Watching Baltimore Burn

The title says it all.

I’m watching the burning on MSNBC right now, having started watching it on CNN, and I’m thinking of all the mistakes we have made over the past ten years, the past twenty years, the past forty years in our nation.

For those of you who may be reading from outside the 242, when I say “our nation”, I mean The Bahamas, not the USA. I may be resident in the USA for the next 10 weeks, but when I say “our nation” I mean our Bahamas.

The first thing that I’m thinking of is our current crime wave in Nassau. As far as I can tell, the violence began to escalate in 2007, and it has been rising steadily ever since. Now I know that this is not a popular thing to say. The popular thing is to blame the Progressive Liberal Party for everything negative in our country, but the fact of this matter is that in 2002, the then PLP administration, led by PM Perry Christie, instituted a revolutionary programme for our inner cities. 

Urban Renewal as it was then conceived was based on three principles. 

The first principle was that the people who live in the inner cities are not all criminals. Even if criminality is prevalant in those communities, the majority of the residents, those mostly law-abiding people, who are our poorest residents and those people who are first and most often affected by criminal activity, deserve to be treated as citizens like everyone else. The establishment of Urban Renewal centres in those inner city communities (never mind that the communities themselves were artificially determined according to those absurd lines on paper we call constituency boundaries) recognized this, and those centres were not only inhabited by police; they also brought together various other government services which made it easier for the people in those communities to access government programmes. The idea was that those centres were one-stop shops where people who had limited resources, a shortage of transportation and a shortage of time, could pay their bills, see their social workers, and get the help and guidance they might need to make their lives easier, not harder.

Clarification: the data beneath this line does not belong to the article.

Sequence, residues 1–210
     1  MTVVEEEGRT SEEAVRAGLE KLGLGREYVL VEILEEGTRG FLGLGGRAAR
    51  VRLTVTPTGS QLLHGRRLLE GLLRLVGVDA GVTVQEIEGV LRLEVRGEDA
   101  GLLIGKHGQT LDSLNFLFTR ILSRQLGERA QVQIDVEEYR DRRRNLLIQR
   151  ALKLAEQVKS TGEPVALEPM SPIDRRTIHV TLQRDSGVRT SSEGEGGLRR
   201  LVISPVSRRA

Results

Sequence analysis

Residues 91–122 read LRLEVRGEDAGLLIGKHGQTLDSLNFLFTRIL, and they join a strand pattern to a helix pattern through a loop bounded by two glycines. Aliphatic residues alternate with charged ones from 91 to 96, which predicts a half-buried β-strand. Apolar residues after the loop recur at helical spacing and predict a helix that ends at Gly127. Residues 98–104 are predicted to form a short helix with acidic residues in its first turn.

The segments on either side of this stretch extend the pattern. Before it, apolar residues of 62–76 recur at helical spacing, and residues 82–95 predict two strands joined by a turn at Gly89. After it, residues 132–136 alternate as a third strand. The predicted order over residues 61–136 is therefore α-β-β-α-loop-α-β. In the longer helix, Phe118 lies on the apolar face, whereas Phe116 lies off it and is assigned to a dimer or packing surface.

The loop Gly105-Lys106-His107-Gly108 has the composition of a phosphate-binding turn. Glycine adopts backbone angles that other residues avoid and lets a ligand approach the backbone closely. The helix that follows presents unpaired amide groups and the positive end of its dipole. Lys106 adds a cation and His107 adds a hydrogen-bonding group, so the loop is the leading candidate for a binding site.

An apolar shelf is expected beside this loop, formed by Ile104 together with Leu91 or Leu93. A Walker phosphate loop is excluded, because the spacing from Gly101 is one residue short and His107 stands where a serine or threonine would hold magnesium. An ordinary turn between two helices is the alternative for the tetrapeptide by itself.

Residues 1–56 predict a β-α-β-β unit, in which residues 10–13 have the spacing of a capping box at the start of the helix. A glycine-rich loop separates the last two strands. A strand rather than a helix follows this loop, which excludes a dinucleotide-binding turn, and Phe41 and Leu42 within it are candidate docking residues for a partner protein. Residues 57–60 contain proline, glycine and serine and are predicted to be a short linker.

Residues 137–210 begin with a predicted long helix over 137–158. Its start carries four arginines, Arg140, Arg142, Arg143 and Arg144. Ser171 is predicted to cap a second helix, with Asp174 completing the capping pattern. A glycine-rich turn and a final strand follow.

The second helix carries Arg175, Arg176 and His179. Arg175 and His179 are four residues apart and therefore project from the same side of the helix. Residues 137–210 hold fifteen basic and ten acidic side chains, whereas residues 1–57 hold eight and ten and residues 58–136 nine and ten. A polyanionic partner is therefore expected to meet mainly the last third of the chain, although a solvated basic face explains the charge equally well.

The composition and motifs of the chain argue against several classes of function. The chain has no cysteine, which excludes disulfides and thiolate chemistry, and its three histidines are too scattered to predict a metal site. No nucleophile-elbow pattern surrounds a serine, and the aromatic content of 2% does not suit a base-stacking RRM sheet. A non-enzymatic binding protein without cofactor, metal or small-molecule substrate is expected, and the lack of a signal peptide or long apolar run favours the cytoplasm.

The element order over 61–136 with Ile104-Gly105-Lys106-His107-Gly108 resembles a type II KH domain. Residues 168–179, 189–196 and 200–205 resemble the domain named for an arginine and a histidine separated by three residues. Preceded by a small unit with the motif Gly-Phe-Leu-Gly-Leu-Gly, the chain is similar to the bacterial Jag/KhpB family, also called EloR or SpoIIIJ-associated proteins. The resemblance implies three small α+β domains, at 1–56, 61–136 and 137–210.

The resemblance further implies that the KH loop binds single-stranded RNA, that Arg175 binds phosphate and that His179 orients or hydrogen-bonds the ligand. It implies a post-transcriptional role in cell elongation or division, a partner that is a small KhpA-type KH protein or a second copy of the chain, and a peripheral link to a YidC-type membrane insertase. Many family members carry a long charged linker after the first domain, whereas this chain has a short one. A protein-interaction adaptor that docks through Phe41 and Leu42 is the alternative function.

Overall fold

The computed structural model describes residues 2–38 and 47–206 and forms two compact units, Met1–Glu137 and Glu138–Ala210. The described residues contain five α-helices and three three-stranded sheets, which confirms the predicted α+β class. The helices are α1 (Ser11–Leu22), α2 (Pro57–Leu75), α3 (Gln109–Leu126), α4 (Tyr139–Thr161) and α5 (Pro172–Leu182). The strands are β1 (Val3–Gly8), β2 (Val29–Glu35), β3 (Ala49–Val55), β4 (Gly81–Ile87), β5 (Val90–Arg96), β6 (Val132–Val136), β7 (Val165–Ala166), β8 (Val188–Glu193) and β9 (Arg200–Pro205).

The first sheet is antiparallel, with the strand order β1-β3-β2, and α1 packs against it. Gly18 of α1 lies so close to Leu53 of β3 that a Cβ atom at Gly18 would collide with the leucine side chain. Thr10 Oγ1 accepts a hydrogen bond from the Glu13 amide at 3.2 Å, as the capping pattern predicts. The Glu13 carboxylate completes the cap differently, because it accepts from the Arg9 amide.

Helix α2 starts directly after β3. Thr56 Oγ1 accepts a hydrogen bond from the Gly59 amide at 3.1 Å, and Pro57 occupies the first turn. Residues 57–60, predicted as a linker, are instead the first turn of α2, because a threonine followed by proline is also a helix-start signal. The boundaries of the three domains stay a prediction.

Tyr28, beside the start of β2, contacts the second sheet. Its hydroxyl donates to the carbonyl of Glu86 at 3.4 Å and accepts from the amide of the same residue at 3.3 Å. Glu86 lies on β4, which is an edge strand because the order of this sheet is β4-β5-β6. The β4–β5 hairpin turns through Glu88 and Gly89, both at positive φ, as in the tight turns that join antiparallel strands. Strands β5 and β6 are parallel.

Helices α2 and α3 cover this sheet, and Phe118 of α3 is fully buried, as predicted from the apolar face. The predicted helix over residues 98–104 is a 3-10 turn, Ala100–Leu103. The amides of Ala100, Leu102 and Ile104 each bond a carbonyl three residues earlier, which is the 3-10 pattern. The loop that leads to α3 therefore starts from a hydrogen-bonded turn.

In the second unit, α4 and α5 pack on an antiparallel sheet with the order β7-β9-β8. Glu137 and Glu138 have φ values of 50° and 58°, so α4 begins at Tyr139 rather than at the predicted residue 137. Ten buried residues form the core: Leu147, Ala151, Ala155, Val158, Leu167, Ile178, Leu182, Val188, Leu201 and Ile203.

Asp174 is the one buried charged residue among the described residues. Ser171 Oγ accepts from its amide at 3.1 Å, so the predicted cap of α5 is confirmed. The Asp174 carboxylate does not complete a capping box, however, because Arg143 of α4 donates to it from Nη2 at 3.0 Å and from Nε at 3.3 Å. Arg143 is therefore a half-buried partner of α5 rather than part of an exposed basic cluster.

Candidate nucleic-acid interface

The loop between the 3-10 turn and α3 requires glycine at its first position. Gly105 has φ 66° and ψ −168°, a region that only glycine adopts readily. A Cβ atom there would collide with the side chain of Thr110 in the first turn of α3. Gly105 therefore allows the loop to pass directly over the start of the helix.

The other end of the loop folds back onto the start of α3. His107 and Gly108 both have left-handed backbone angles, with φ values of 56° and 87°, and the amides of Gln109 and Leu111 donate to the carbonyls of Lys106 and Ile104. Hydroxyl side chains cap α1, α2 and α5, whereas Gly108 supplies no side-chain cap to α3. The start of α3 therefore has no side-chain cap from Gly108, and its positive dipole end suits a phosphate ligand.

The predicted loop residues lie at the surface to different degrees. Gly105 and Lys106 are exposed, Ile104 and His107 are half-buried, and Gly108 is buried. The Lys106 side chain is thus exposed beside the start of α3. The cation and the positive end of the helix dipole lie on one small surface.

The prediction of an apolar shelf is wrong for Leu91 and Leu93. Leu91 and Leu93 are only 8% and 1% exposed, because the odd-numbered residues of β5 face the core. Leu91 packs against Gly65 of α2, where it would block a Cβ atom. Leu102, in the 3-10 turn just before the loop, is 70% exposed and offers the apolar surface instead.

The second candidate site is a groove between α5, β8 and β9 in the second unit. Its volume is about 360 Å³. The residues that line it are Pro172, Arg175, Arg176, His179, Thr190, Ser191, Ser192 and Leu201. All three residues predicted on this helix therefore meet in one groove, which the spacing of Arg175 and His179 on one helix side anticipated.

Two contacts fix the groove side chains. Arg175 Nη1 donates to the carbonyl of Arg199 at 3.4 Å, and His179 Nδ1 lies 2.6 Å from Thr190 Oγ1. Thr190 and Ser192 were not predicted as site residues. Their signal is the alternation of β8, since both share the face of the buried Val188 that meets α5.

The second principle was that when it comes to crime, prevention is better than cure. It may be more exciting and more macho to invade communities with guns blazing and riot gear on, but the decision was taken to turn the police into father figures rather than warriors. The idea was that if you treat citizens as people and give them the chance to experience their own citizenry, by making the police their servants and their mentors and not their enemies, peace will follow. 

And the third principle was that you can’t fix broken communities by breaking people. The Urban Renewal programme of 2002-2007 was an integrated programme based on serious and long-term research into transformative community activity, led by psychiatrists and community activists, a programme that forced a number of different agencies to cooperate and work together, using neighbourhoods as the locus of their action and people as their focus, rather than their far-flung, over-insulated offices and addictions to hierarchy. It provided counselling and mentoring; it provided alternative activities for inner city youth; it provided father figures and the sense that inner city residents mattered.